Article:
Point Lookout: a free weekly publication of Chaco Canyon Consulting
Volume 20, Issue 30;   July 22, 2020: Red Flags: I

Red Flags: I

by

When we finally admit to ourselves that a collaborative effort is in serious trouble, we sometimes recall that we had noticed several "red flags" early enough to take action. Toxic conflict and voluntary turnover are two examples.
A red flag

The use of actual red flags to warn others of looming danger traces back some 400 years that we know of. Seventeenth-century warships flew red flags to indicate they were preparing for imminent military engagement. In some rail systems, before the introduction of colored lights, red semaphores were used to signal trains to stop. That there are many other examples of red flag warnings probably accounts for the use of the term red flag to mean a general indicator of trouble ahead.

A catalog of red flags for workplace collaborations could provide a handy checklist for determining when it might be time to intervene, or shut it down, or perhaps, move on to some other less fraught engagement. In that spirit I offer a list of red flags in three groups. This Part I emphasizes red flags associated with toxic conflict and voluntary turnover. In the next post, I'll describe red flags associated with communication, and in the post after that, red flags associated with abuse of power.

Toxic conflict
Creative conflict in collaborative work is essential to achieving high-quality outcomes. Creative conflict ensures that we test all ideas and account for all relevant viewpoints.
Toxic conflict is something else. In toxic conflict, the participants employ abusive personal attacks and threats, and abuse their political power in their efforts to resolve their differences. Although the group does reach a joint decision regarding the issue at hand, that decision is not based on the merits of the question. Instead, the decision is based on the relative political power of the contenders, and on their willingness and ability to devise tactics that destroy their opponents' careers, or failing that, to curtail their abilities to respond effectively.
If toxic conflict is repeated often enough, or if it occurs in the context of important decisions, it can cause the group to reach decisions that compromise its eventual success.
Capable people finding other things to do
Top contributors and leaders generally have alternatives. They need not remain in any position unless they want to. Because they do move on voluntarily when they learn of opportunities elsewhere, losing capable people occasionally isn't necessarily a red flag. It's the price of hiring capable people.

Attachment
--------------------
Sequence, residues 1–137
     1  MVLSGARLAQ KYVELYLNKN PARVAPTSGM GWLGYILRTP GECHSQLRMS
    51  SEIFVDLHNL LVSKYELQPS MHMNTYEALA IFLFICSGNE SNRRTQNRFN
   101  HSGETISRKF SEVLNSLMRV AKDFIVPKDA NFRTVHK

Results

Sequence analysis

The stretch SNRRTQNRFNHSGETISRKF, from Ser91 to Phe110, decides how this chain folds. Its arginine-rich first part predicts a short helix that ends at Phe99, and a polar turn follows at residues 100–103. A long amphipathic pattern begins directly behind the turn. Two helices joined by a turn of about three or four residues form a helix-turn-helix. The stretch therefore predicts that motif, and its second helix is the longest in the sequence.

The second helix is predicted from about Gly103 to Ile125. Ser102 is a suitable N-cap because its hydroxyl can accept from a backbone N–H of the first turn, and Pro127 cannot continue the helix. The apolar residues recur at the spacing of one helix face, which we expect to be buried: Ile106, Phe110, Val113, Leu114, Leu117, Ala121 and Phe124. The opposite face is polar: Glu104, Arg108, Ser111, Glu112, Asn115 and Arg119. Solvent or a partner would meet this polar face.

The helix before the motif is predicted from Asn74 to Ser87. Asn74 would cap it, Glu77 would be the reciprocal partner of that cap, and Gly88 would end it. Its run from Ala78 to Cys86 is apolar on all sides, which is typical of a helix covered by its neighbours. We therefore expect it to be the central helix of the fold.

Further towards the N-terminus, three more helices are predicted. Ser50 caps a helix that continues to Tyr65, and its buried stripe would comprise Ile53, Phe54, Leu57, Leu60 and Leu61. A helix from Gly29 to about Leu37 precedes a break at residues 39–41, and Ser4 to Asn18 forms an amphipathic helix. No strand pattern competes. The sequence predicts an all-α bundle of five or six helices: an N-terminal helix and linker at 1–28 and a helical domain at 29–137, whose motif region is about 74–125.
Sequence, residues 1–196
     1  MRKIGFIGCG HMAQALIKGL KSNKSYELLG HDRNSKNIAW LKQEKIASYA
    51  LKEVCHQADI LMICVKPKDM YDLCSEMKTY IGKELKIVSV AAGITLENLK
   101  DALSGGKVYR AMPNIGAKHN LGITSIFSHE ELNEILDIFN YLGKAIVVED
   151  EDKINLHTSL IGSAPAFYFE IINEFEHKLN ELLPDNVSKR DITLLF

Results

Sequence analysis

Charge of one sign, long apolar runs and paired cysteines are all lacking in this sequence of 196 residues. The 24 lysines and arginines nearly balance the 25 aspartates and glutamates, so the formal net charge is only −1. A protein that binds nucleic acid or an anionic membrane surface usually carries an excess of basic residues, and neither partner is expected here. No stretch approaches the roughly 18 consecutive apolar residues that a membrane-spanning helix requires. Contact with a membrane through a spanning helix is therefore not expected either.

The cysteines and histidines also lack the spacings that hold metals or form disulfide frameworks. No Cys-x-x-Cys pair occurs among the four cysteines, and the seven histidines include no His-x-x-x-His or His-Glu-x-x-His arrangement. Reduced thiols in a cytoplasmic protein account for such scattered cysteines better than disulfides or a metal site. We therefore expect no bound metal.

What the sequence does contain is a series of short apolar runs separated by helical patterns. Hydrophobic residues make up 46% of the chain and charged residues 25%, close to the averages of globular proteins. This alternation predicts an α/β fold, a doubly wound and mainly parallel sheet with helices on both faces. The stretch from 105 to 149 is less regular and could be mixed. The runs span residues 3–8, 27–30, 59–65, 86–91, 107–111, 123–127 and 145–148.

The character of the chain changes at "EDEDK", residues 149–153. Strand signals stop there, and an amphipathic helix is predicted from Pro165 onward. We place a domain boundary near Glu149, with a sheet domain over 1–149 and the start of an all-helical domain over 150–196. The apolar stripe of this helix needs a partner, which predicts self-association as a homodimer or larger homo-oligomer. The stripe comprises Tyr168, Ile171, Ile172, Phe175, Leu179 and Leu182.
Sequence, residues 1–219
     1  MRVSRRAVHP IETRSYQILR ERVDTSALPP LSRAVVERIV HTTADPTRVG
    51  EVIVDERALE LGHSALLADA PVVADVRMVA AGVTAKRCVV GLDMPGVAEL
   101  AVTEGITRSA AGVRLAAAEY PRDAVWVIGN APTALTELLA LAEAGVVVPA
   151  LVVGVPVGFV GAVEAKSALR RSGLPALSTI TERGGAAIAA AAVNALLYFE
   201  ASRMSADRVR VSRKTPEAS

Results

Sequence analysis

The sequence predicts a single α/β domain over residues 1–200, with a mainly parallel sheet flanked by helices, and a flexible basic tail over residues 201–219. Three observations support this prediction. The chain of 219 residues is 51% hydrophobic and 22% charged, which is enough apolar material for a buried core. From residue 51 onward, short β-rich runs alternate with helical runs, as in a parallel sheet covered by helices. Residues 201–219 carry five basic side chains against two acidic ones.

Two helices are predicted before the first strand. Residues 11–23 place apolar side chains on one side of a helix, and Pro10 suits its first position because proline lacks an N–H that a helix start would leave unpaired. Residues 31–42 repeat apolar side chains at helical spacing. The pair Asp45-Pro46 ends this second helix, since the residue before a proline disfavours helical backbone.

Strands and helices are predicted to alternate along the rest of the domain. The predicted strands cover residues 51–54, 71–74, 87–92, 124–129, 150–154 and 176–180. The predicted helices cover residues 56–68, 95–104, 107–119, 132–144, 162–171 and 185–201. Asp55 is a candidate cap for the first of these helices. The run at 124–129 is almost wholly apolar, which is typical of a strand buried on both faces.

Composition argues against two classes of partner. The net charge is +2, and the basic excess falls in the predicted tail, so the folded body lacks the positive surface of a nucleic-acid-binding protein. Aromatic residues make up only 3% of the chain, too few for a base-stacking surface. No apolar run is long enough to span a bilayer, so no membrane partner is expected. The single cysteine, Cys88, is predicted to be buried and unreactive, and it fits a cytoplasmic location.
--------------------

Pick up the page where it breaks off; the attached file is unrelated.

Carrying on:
But an elevated An elevated frequency of capable
people moving on to more appealing
assignments can indicate serious trouble
frequency of capable people moving on can indicate serious trouble. Another related indicator can be the inability of the organization to successfully recruit people with required levels of capability. Regard these phenomena as potential indicators that capable people are assessing the organization's health as questionable.
Leadership team volatility
In addition to the loss of capable people described above, there is a special factor associated with the exit of people from leadership positions. Organizational leaders are often aware of conditions that threaten organizational health — conditions that others might not be aware of. In some cases, it is the leader himself or herself who has brought about those conditions.
This privileged insight can cause leaders to make investment decisions that are supposedly prohibited by law. And some investment decisions are legal but revealing, such as a decision not to exercise options to purchase shares in the company. But these matters are usually well cloaked, and although they might indeed be red flags, they're invisible to most people.
In any case, elevated incidence of sudden exits of persons in leadership roles can indicate trouble ahead — or trouble that has already arrived, but which hasn't yet been recognized.

In next week's edition, we'll examine red flags associated with communication.  Next in this series Go to top Top  Next issue: Red Flags: II  Next Issue

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Forthcoming issues of Point Lookout

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Early signs of troubles in collaborations include toxic conflict, elevated turnover and anti-patterns in communication. But among the very earliest red flags are abuses of power. They're more significant than other red flags because abuses of power can convert any collaboration into a morass of destructive politics. Available here and by RSS on August 5.
A so-called "Paris Gun" of World War IAnd on August 12: Cognitive Biases at Work
Cognitive biases can lead us to misunderstand situations, overlook options, and make decisions we regret. The patterns of thinking that lead to cognitive biases provide speed and economy advantages, but we must manage the risks that come along with them. Available here and by RSS on August 12.

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Many The Power Affect: How We Express Personal Powerpeople who possess real organizational power have a characteristic demeanor. It's the way they project their presence. I call this the power affect. Some people — call them power pretenders — adopt the power affect well before they attain significant organizational power. Unfortunately for their colleagues, and for their organizations, power pretenders can attain organizational power out of proportion to their merit or abilities. Understanding the power affect is therefore important for anyone who aims to attain power, or anyone who works with power pretenders. Read more about this program.

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